When a group of Poor Clares came to Evansville in 1897, cornfields and farmland surrounded what would become the Monastery of St. Clare at 509 S. Kentucky Ave. Today, the Evansville Christian Life Center continues the work of the Poor Clares in the very same building.
“Anyone who grew up in this neighborhood as a kid didn’t know what went on be- hind that wall, so the building could appear to be a little scary,” says Gina Gibson, CEO of Evansville Christian Life Center.
Most Poor Clares practiced silence, aside from 10 or 12 who interacted with the public, and their jobs were to pray all day and bake communion bread. After the Clares moved to Evansville’s West Side in 1984, a group of business owners bought the building and donated it to Bethel Church.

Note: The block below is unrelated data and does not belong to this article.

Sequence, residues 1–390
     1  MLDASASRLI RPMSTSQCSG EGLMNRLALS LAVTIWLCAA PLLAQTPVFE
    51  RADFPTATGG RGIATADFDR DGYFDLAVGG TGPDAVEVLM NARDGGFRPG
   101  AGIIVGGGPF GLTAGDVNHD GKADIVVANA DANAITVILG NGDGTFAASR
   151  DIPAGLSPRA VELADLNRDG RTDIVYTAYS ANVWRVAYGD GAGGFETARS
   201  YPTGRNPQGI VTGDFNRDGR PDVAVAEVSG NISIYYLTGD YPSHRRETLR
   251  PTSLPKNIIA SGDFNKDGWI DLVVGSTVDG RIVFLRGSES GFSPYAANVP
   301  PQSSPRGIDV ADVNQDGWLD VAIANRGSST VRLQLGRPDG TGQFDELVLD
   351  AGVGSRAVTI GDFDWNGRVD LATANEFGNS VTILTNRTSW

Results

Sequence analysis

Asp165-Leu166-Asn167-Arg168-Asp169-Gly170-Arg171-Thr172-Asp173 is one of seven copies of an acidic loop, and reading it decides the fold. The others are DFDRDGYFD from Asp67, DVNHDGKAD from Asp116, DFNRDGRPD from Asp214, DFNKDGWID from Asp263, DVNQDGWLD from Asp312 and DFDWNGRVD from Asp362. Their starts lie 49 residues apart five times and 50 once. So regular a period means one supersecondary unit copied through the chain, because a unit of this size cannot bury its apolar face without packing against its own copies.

When the church later turned it over to a board of directors, the historic site became the Evansville Christian Life Center.
“We try to maintain the integrity of the building when we do any renovations,” Gibson says.
The organization has continued the work of the Clares, giving people a hand up out of poverty, teaching parenting and life skills, and providing free or low-cost pregnancy services, health care, dental care, and addiction recovery services.
The organization has eight programs serving Vanderburgh, Warrick, Gibson, and Posey counties in Indiana and Henderson County in Kentucky. The food co-op and career clothing center accept donations.
“We’re still doing what the sisters started,” Gibson says. “People in this neighborhood respect who we and how we can help.”